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One of my favourite films of the past decade would have to be the multi-award winning Training Day. This gritty cop drama had all the ingredients of a great modern classic, with solid acting, an intricately crafted plot and plenty of action to boot. A large part of that films success is attributed to the Oscar winning performance from Denzel Washington, and rightly so; however the film was also held together in part by the solid directing from the reasonably inexperienced Antoine Fuqua. When I heard that he was teaming up with Bruce Willis for his next project – Tears of the Sun, I could hardly contain myself. But was I a little too enthusiastic for my own good? It’s time to find out…

Tears of the Sun
Movie
Bruce Willis plays loyal veteran Navy S.E.A.L. Lt. AK. Waters, a hardened fighting machine that rarely strays from orders. However, things are set to change when he is sent on a mission straight into the heart of war-torn Africa. It turns out that Nigeria is knee deep in a civil war, with rebel fighters taking over the predominantly Christian government and replacing it with a new Muslim regime. As a result, anybody associated with the old regime is pretty much subject to summary execution. Waters is given the task of locating, and evacuating ‘critical’ personnel from the area including the stunning Dr. Lena Hendricks played by the quite wonderful Monica Bellucci. Accompanying Waters on the mission is his combat hardened elite squad, made up of seven men in total. On arrival at the extraction point it turns out that Dr Lena Hendricks is a little reluctant to leave to say the least. Following some delicate (ish) sweet-talking from Lieutenant Waters she agrees to leave; but only on the condition that she can take her patients with her. Despite his reservations, Waters agrees and the Special Forces team and ‘cargo’ set off to rendezvous with the evacuating choppers…

On arrival at the landing zone, Lena Hendricks quickly comes to realise that Waters isn’t exactly a man true to his word. The furious doctor is quickly bundled onto a waiting helicopter along with the Special Forces team and off they go – without the patients that Waters had promised to save. Just as you begin to think you have witnessed the shortest two hour film in history, Waters has a change of heart and calls upon the chopper to turn itself around, contrary to his orders. He fills the helicopters with as many of the patients as possible and decides to escort the remaining ones to a safer point of evacuation on foot. However; Waters has directly violated his orders and his superior officer refuses to risk further helicopters in an evacuation. Lt. Waters is forced to escort the group through dangerous stretches of jungle, all the whilst being pursued by a rebel militia group, with only one goal in mind….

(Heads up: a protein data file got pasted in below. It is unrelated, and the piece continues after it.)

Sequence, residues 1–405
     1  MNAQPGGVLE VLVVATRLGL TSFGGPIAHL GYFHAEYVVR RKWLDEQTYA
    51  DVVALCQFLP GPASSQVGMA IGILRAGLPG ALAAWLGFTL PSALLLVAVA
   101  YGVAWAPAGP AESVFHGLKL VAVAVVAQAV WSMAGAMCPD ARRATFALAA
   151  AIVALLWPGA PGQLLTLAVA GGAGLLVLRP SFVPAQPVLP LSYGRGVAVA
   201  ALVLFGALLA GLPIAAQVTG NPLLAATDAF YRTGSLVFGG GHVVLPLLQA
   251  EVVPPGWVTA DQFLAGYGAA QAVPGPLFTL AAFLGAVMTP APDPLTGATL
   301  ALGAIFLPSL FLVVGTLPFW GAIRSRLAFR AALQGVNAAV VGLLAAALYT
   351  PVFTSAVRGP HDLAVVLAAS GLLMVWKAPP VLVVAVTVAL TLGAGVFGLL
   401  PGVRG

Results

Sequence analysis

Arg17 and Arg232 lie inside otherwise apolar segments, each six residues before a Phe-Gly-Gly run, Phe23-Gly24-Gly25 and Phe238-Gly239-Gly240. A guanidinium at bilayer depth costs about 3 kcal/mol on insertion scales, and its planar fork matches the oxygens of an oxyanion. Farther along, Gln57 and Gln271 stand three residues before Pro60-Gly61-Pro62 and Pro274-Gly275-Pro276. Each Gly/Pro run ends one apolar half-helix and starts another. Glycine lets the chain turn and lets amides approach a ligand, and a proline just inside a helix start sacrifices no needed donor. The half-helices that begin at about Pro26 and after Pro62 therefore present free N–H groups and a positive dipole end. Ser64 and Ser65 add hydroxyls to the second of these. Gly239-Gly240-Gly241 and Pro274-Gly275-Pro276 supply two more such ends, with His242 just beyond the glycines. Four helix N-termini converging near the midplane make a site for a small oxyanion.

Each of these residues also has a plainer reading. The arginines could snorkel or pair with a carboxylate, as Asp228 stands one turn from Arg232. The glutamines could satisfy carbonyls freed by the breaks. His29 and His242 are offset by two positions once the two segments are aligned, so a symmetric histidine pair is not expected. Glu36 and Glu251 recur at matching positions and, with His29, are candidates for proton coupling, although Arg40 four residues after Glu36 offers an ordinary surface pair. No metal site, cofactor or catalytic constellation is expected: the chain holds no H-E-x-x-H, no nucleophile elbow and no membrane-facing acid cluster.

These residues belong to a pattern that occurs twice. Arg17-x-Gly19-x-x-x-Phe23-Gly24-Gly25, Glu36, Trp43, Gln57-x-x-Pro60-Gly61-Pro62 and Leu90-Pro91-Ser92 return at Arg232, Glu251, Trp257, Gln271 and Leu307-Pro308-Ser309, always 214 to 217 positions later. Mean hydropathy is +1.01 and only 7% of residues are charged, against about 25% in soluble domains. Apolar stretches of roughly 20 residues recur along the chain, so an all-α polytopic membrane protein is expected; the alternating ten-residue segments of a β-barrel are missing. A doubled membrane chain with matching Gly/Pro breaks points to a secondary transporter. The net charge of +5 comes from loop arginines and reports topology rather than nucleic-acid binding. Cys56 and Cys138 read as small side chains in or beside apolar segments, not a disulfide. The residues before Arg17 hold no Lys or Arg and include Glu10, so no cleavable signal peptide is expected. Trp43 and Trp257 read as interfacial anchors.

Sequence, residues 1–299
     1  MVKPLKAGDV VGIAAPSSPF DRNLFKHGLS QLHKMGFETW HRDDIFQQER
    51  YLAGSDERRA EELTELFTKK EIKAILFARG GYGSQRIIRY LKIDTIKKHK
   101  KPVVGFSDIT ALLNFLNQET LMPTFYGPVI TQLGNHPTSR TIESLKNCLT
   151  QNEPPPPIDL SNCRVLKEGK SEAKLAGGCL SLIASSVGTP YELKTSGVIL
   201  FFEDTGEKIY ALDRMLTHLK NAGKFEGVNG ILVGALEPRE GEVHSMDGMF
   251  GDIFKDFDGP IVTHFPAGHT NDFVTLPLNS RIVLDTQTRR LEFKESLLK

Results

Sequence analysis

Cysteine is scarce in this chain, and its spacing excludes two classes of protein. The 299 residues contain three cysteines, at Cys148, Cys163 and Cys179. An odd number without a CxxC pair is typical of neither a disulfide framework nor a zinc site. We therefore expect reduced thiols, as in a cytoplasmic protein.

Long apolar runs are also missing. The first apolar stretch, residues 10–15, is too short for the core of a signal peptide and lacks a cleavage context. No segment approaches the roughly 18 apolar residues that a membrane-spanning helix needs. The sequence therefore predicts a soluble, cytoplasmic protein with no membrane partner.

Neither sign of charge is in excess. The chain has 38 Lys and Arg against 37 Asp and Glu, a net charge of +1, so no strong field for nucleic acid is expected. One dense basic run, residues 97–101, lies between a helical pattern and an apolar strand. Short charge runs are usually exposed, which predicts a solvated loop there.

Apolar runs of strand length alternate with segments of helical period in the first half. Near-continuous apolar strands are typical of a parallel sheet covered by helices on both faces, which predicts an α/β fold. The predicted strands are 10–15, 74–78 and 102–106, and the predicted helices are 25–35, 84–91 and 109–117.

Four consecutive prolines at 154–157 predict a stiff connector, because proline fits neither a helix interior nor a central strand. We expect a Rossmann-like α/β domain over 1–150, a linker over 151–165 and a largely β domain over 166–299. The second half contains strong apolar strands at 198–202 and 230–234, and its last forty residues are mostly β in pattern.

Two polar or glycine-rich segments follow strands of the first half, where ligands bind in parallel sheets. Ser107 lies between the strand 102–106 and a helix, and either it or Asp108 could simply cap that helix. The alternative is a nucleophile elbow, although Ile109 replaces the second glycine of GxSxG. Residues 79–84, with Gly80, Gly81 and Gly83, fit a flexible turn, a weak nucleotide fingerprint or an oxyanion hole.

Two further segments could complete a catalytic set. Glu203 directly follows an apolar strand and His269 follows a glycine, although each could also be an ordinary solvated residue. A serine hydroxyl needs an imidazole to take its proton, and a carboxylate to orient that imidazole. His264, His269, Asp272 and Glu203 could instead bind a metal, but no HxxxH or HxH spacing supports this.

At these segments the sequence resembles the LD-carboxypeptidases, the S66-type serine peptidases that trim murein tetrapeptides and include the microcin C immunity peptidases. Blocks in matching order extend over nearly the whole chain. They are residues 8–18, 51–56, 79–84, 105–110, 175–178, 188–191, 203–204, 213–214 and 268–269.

I wasn’t really sure what to expect as I sat down to watch Tears of the Sun. Was it going to be a realistic portrayal of modern day warfare ala Black Hawk Down, or was it just another excuse to blow stuff up? I was also dreading the possibility that it might be a combination of the two like the highly disappointing Windtalkers. John Woo didn’t seem to know what direction to take with that one and the movie suffered heavily because of it. Thankfully the same can’t be said about Tears of the Sun. Antoine Fuqua has crafted a realistic, and often brutal portrayal of war which succeeds predominantly because the action is positioned firmly in second place. Yes, the action sequences are certainly impressive at times but the story and characters are never compromised because of them. Good work Mr Fuqua.

Tears of the Sun